Where NSW Labor actually followed its own rules and pre-selected candidates a year or more out from the election, it worked a treat. One such example was the superb campaign run by Trish Doyle and her team in the Blue Mountains, which saw her deservedly win the seat from the Liberals by a more than comfortable margin, another was the campaign of the tireless campaigner Pru Carr with a massive win in the Londonderry seat.

If only the Party had given all candidates this much time.

The decision to make this a campaign about one issue was a foolish one. The privatisation campaign was all well and good, but it should not have been our only message to the people of NSW. The decision later in the campaign to switch the focus to the fear of foreign ownership may have held some merit, however when implemented it seemed more like xenophobia and more than likely only served to alienate huge parts of the community. The evidence of this can be seen in electorates like Parramatta, which have a large Chinese population.

Negative campaigns are not popular with the public. That is something that has been proven time and time again, so to run an entirely negative campaign was a bad decision, particularly when there were some positive messages that could have got some mileage.

Labor launched the most comprehensive animal welfare policy in the country, but it came out late and was not pushed hard enough. This is policy that, if pushed harder, could have made a huge difference in seats such as Newtown and Balmain.

As it turns out, it was used to help secure Greens preference votes in the seat of Strathfield, with the welcome support of a fantastic team from Oscar's Law who helped Labor with the puppy farm section of the policy. However, though generously offered, Oscar's Law's assistance was not sought by Sussex Street.

There were some huge announcements made regarding health policy, including hundreds of millions of dollars to be spent on desperately needed hospital upgrades after years of Coalition cuts as well as a guarantee of fixing nursing ratio’s to one nurse for every three patients.

There were also huge announcements of spending on schools and increased funding for TAFE, whose students have seen their courses shut down or their fees soar under a government with a privatisation agenda.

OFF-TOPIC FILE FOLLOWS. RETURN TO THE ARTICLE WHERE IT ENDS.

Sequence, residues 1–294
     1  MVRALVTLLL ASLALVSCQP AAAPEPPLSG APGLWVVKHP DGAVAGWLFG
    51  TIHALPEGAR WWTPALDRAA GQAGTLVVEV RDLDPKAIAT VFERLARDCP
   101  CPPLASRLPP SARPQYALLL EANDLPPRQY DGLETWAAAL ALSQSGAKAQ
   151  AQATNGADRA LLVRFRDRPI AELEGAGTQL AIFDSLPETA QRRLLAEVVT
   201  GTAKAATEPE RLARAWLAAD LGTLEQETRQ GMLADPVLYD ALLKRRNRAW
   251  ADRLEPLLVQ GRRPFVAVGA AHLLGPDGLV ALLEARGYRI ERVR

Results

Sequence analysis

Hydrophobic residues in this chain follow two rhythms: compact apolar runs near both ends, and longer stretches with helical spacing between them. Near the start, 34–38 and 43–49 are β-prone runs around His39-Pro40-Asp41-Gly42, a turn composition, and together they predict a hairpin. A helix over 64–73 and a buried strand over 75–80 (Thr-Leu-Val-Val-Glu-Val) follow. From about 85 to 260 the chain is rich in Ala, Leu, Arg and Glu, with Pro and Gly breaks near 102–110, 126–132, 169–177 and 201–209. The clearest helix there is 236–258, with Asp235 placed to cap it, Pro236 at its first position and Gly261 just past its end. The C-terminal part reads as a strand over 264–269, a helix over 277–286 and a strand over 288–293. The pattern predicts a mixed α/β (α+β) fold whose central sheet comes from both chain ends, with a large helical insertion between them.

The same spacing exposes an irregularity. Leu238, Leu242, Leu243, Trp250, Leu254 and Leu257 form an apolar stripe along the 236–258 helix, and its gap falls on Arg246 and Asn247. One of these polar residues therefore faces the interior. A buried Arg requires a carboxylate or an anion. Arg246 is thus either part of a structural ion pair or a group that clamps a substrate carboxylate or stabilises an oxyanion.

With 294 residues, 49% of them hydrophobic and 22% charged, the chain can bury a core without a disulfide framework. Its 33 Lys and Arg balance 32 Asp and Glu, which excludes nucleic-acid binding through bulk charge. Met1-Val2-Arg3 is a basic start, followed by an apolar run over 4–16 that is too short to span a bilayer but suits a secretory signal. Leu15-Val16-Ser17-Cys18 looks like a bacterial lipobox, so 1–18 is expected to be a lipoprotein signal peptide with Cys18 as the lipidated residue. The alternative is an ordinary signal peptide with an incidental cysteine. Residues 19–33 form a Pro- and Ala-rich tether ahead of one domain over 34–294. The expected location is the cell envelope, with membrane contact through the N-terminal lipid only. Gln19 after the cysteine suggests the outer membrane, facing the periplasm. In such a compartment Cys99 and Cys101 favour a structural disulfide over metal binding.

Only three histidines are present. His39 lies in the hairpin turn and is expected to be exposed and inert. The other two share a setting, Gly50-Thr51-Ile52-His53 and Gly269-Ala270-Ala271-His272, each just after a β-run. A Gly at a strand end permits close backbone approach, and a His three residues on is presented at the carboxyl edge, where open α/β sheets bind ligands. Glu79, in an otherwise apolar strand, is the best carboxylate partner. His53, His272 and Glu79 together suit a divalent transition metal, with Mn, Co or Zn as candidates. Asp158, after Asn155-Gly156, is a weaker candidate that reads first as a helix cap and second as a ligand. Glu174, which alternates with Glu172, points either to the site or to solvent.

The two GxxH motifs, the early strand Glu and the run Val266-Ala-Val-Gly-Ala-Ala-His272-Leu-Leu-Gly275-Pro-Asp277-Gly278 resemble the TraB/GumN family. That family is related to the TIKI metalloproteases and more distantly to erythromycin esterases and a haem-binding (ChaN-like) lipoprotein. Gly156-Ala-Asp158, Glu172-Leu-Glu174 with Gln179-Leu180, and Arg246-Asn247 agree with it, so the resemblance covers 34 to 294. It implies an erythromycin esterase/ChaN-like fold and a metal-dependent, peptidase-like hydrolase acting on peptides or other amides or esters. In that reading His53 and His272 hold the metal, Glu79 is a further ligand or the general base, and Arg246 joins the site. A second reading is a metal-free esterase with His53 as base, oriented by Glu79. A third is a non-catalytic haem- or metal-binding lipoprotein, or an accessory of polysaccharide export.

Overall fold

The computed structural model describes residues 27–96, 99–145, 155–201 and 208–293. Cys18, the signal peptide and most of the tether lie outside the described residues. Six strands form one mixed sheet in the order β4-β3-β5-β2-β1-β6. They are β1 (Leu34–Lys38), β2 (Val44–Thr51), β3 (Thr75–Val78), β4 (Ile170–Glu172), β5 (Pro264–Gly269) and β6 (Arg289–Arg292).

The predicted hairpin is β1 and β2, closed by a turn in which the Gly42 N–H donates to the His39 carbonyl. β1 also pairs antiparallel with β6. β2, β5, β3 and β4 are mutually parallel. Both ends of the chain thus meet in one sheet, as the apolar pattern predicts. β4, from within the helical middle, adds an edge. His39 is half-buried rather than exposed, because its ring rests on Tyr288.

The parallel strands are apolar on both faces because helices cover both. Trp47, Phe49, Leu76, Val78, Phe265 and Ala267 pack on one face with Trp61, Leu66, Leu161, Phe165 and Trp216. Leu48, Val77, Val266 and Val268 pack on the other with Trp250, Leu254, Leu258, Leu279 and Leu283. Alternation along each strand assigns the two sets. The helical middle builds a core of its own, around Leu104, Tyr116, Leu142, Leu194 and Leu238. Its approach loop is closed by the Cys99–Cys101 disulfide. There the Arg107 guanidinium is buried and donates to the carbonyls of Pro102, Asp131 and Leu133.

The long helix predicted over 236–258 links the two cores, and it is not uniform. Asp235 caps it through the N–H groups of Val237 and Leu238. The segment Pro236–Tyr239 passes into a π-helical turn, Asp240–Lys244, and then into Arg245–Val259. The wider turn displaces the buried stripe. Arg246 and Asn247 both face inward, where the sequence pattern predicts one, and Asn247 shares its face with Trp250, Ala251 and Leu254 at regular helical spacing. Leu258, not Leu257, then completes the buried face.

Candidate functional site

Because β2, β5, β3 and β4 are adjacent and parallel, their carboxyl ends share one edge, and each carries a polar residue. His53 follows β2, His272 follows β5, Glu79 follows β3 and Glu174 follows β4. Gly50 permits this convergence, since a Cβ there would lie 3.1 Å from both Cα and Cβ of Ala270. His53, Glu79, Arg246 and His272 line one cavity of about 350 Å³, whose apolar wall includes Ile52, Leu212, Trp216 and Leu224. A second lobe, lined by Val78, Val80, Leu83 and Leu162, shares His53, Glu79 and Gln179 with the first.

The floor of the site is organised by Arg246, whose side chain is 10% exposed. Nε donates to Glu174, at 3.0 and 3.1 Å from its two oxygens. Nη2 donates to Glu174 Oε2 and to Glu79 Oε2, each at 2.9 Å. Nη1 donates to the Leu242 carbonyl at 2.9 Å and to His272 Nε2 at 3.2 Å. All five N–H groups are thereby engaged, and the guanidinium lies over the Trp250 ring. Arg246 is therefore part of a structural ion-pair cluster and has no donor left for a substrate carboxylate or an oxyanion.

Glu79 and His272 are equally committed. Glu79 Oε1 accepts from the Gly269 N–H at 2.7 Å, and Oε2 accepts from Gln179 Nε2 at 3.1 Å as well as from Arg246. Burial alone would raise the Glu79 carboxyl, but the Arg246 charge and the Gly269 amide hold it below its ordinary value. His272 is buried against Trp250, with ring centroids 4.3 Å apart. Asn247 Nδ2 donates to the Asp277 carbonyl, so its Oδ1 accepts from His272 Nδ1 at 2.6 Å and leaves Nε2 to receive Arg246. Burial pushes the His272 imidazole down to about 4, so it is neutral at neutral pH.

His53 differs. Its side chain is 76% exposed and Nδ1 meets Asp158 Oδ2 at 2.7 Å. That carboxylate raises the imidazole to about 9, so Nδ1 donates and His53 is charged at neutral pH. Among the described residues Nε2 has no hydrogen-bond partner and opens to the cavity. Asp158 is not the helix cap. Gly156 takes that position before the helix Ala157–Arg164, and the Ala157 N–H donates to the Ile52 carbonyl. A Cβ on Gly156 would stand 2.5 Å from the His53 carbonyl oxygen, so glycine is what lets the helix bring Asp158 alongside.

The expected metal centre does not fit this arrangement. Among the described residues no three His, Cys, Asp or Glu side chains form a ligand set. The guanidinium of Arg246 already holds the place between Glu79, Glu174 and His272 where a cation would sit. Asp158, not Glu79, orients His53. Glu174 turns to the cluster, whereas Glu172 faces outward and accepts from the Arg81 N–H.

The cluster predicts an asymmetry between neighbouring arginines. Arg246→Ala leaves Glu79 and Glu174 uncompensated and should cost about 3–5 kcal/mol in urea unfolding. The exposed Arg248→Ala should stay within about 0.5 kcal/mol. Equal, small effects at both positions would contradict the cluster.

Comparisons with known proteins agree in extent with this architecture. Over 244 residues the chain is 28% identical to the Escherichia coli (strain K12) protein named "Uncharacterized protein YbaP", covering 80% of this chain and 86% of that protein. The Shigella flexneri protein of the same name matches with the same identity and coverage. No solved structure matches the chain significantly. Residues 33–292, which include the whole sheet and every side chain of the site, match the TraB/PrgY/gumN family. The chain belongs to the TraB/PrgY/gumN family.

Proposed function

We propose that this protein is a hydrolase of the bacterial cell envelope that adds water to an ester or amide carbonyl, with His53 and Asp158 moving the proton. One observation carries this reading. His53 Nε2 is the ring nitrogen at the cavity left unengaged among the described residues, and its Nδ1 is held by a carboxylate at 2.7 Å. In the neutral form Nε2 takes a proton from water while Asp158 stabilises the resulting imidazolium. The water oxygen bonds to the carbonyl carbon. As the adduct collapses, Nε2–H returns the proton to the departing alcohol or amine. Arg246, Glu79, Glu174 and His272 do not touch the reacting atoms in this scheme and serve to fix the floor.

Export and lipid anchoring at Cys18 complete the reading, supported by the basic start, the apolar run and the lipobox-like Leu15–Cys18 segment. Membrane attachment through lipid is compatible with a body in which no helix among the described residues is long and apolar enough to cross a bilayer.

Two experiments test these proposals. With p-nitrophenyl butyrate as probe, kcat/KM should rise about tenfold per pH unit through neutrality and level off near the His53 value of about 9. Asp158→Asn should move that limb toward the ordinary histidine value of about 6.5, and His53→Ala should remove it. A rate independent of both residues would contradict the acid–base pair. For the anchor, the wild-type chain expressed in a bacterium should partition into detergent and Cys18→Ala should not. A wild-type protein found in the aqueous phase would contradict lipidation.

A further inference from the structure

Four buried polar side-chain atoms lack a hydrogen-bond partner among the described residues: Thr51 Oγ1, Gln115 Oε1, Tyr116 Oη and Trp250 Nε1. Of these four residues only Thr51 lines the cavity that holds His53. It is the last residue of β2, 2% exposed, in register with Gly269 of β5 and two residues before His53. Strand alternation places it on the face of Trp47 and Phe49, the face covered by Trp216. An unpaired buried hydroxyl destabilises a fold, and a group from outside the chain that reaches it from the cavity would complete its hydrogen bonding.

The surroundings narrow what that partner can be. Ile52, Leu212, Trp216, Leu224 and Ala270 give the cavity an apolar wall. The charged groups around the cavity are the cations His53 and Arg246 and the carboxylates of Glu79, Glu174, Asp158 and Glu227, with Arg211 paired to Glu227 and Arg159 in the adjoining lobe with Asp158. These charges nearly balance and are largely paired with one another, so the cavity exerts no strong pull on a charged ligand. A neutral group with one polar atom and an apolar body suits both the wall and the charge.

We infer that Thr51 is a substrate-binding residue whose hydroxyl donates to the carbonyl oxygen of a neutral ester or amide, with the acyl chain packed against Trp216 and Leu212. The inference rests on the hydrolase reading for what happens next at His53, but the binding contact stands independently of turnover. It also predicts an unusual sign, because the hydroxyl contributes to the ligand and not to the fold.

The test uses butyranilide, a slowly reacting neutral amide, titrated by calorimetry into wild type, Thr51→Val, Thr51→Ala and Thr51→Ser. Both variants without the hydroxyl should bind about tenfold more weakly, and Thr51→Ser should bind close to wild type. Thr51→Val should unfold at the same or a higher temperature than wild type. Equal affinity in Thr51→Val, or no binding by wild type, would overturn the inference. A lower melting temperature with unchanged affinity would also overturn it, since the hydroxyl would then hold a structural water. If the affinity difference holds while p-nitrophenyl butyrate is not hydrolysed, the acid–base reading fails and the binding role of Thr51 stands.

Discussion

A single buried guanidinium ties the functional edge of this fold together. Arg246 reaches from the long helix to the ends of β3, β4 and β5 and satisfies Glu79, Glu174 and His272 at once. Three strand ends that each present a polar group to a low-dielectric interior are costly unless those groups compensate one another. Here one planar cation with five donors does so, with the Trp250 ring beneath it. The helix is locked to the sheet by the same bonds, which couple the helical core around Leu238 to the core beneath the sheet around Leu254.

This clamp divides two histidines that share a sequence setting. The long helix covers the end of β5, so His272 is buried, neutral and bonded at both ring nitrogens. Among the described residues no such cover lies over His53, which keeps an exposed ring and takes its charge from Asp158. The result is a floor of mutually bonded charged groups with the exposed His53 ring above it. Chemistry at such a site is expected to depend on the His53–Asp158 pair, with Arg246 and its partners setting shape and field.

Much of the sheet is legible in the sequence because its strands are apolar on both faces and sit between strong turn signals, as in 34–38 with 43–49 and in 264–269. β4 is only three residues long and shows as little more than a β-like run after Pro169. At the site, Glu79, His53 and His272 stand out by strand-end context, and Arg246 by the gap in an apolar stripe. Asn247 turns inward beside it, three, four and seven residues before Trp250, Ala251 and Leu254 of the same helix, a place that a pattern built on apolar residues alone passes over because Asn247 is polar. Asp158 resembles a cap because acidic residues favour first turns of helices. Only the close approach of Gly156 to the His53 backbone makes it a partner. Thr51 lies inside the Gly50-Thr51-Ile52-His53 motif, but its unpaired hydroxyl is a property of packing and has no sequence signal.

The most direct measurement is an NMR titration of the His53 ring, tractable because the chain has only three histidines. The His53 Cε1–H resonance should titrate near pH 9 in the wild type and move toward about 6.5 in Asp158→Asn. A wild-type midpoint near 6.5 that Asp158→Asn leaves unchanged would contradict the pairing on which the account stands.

The way I perceive it, the powers that be were seeking to win some seats back – at least enough to put a victory in reach next time around – but not enough to see Foley showered in praise. Thus leaving the door ajar enough for a leadership challenge in a year or so.

However this is just my opinion, but if Noreen Hay ends up as Party Whip it will be a bad sign.

Labor do not want to continue being the party with a revolving door of leaders, no matter who was best man at whose wedding.

Looking at the last two leaders in NSW that were knifed by the faceless and yet had the strength of character to stay on, you wonder at the point of the seeming bloodlust within elements of the party.

Nathan Rees, who has now retired, was well-respected on all sides of the political spectrum and was adored in his electorate. He will always be remembered as the leader and premier with the guts to stand up against Obeid and Tripodi. Taking his place as a Labor candidate was the aforementioned Ferguson backed Susai Benjamin who suffered a loss that is so humiliating to Labor that the electorate we will be forced to wear the shame for years.

The other leader is John Robertson, MP for Blacktown. Robertson in his time as leader also took on corruption launching a policy entitled “A New Standard”, with a zero tolerance approach at its heart. Robertson was ousted as leader after it emerged that his office had done what it is there for and made a representation for a constituent on face value. Unfortunately, years later, that constituent was responsible for the Lindt Café siege. The decision was taken that this would reflect poorly on Robertson who was just unfortunately in the wrong electorate office at the wrong time.

So poorly was the reflection on Robertson that he won his seat on the weekend with a huge swing towards him of over 10%.

As a party we need to learn from past mistakes not try to gloss over them.

Luke Foley is a great leader and has proved himself as such in a remarkably short time. Let’s not make the foolish mistake of making a move on him before the next election.

On the Liberal Party front, I was struck by a complete lack of surprise when, while the votes were still being counted, Federal Treasurer Joe Hockey once again brought the GST into the conversation.

I wonder why that didn’t come up a week earlier…

Peter Wicks is a Labor Party member and a former NSW ALP State candidate. You can read more by Peter at Wixxyleaks or follow him on Twitter @madwixxy.